For a long time, Virginians expressed a preference for burial on their own private land. With the colonists’ initial dispersal from Jamestown in the early 1600s, families and servants began a tradition of burying on home properties. This tradition would compete with authorities’ insistence on centralized churchyard burials.
In 1724, the minister Hugh Jones lamented that in Virginia:
“The Parishes being of great Extent (some sixty Miles long and upwards) many dead Corpses cannot be conveyed to the Church to be buried: So that it is customary to bury in Gardens or Orchards, where whole Families lye interred together, in a Spot generally handsomely enclosed, planted with Evergreens, and the Graves kept decently.”
Even in a town like Richmond with its churchyard, many residents continued to prefer home burials. One of the most prominent of these family burial grounds was that of the Adams and Carringtons, established in the early nineteenth century a few blocks from the church on the north side of Marshall Street at Twenty-third Street. It would grow to encompass at least fifty-eight burials, including patriarch Richard Adams and his wife Elizabeth. Revolutionary war veterans, plus William Marshall, brother of the chief justice, were buried there. It encompassed about one-half an acre within brick walls. The Pickett family made use of an adjoining burial lot until all those on the block were removed to Hollywood Cemetery in 1892.
Such private burial grounds could be found in pockets throughout the early city, such as one on Tenth Street and another near Rocketts Landing, associated with the Prosser and Wright families.
African American residents pursued this practice with varying rates of success. In 1811, Christopher McPherson reported that a free woman of color, a widow, had recently chosen to be buried on her own property located above the traditional African Burial Ground and its humiliating associations with the city gallows. But after learning of this, “the Rulers of the city” soon took her body “up out of her grave… the second day after she was buried, in her own Bonafide ground on an eminence, and carried down to this mock of a grave yard.” Similarly in 1820, the free woman of color Lydia Broadnax directed in her will “that a space of ground, twenty feet in length, and twelve feet in breadth, on the back part of the lot on which I now live in the City of Richmond, be laid off and forever appropriated to the use and purpose of a burial ground, and that my body be interred in that place.” Subsequent deed records for her property suggest that her wishes were indeed carried out upon her death in 1827.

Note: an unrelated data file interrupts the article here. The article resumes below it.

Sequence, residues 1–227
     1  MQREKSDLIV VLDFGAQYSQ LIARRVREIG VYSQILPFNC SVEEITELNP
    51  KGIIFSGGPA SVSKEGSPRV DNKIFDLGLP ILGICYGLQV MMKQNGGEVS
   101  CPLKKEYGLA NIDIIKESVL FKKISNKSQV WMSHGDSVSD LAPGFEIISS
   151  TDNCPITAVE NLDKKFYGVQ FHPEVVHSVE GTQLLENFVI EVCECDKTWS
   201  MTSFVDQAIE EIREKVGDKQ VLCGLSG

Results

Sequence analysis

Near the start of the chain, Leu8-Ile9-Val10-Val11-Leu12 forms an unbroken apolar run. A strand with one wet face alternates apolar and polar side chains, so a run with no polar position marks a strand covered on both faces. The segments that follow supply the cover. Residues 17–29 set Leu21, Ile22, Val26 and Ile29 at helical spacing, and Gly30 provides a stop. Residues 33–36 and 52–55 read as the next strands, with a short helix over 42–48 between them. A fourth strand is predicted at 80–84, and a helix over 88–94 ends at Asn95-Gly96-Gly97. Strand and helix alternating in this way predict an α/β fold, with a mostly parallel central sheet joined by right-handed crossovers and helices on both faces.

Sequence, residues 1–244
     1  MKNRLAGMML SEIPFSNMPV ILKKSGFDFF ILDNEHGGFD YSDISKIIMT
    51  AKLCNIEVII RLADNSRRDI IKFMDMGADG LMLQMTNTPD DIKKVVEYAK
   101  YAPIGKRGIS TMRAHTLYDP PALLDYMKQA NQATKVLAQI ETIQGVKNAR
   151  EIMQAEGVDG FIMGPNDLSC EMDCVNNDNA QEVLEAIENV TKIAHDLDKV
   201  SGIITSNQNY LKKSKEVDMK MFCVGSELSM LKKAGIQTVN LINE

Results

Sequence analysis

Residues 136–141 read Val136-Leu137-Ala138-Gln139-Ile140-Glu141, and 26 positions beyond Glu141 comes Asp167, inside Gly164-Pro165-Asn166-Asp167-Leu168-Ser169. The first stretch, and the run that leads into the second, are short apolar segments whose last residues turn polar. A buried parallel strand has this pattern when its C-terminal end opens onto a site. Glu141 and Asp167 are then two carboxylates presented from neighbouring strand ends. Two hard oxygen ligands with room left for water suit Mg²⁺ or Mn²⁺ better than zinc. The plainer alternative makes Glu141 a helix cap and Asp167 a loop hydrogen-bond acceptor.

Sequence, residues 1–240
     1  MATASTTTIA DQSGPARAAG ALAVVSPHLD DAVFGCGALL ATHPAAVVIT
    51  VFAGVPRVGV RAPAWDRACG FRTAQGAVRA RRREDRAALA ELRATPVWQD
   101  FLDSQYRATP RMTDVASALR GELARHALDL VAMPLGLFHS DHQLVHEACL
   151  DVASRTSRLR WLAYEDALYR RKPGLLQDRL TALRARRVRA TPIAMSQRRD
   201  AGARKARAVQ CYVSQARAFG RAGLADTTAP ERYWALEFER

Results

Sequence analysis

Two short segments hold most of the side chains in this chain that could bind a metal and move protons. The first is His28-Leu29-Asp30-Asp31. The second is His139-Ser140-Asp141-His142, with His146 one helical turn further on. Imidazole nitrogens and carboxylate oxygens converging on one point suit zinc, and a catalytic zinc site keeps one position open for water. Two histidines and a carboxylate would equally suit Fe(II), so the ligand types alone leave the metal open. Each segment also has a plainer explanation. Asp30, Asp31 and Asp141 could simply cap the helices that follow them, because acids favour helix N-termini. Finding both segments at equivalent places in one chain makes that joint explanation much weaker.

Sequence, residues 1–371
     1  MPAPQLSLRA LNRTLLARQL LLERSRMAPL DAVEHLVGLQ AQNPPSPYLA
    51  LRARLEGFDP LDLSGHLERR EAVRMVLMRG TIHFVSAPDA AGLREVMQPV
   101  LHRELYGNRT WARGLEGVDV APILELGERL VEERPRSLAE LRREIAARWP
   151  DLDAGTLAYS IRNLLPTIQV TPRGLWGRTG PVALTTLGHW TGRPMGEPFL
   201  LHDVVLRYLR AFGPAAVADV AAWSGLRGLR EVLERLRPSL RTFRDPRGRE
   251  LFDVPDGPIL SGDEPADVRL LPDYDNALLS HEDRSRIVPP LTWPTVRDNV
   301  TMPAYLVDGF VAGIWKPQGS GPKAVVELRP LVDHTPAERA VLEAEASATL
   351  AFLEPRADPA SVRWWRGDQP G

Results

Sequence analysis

Later family burial grounds to be engulfed by the expanding city include the William Catlin family graveyard at 2917 M Street; the Harvie family plot inside Hollywood Cemetery, and the Sheilds-Robinson family plot at present-day Byrd Park. That yard, which served the family’s country house titled Poplar Vale (no longer standing), was in use from 1823 through the mid-twentieth century. Surviving examples in surrounding Henrico County include the Sheppard family burial ground at Meadow Farm, the family burial ground at Walkerton Tavern, and the family burial ground at Nuckols Farm.
In 1853, Richmond’s Southern Literary Messenger expressed a new, skeptical view of the practice when it observed that “This custom of private burial-grounds upon every estate, would answer very well in countries where there was a perpetuation of estates under laws of primogeniture and entail” where such sites could be ensured to remain in family hands. But “change is the order of the day with us, and the graves of our relatives are overgrown with briars and noxious weeds, and the ploughshare sooner or later destroys all vestige of the spot where they rest from their labors.” It pointed to the growing Hollywood Cemetery and other “great and beautiful republics of the dead” as a better solution for its readers.
By 1869, the city had passed an ordinance stating “Nor shall any body be buried in any place in the city other than at a burying-ground owned by the city, except in the burying-ground of the Society of Friends, on Cary [Street], between Nineteenth and Twentieth streets, or that of the Hebrew congregation.” By 1887, the state of Virginia added further restrictions prohibiting any cemetery to be established “within the corporate limits of any city or town, or within four hundred yards of any residence without the consent of the owner of such residence.”
Modern development continues to uncover the older family sites, which are treated on a case-by-case basis by developers and the Virginia Department of Historic Resources. Virginia state law seeks to protect cemeteries from willful damage, including any from property owners or developers, and it requires owners to allow descendants access. Those seeking to remove a cemetery and its burials must coordinate with the state and the courts to do so.
A rough list of the area’s patchwork of smaller cemeteries can be found here.
For more information, see:
Peyton R. Carrington and Sarah J. Carrington v. Ellen Price et al, Chancery Cause in the city of Richmond, 1890
Harry Kollatz, Jr., “Who Lived and Died Upon This Land: The Robinsons, the Sheilds and Byrd Park,” Richmond Magazine (June 2006): 24
Jeremy M. Lazarus, “Old Forgotten Cemeteries Dot the City,” Richmond Free Press, July 8, 2021
Mary H. Mitchell, Hollywood Cemetery: The History of a Southern Shrine (Richmond: Library of Virginia, 1999)
Tricia Noel, “The Lost Cemetery of Church Hill,” The Church Hill People’s News (October 24, 2014)
Lynn Rainville, Hidden History: African American Cemeteries in Central Virginia (Charlottesville: University of Virginia Press, 2014)
Mary Wingfield Scott, Old Richmond Neighborhoods (Richmond: William Byrd Press, 1950)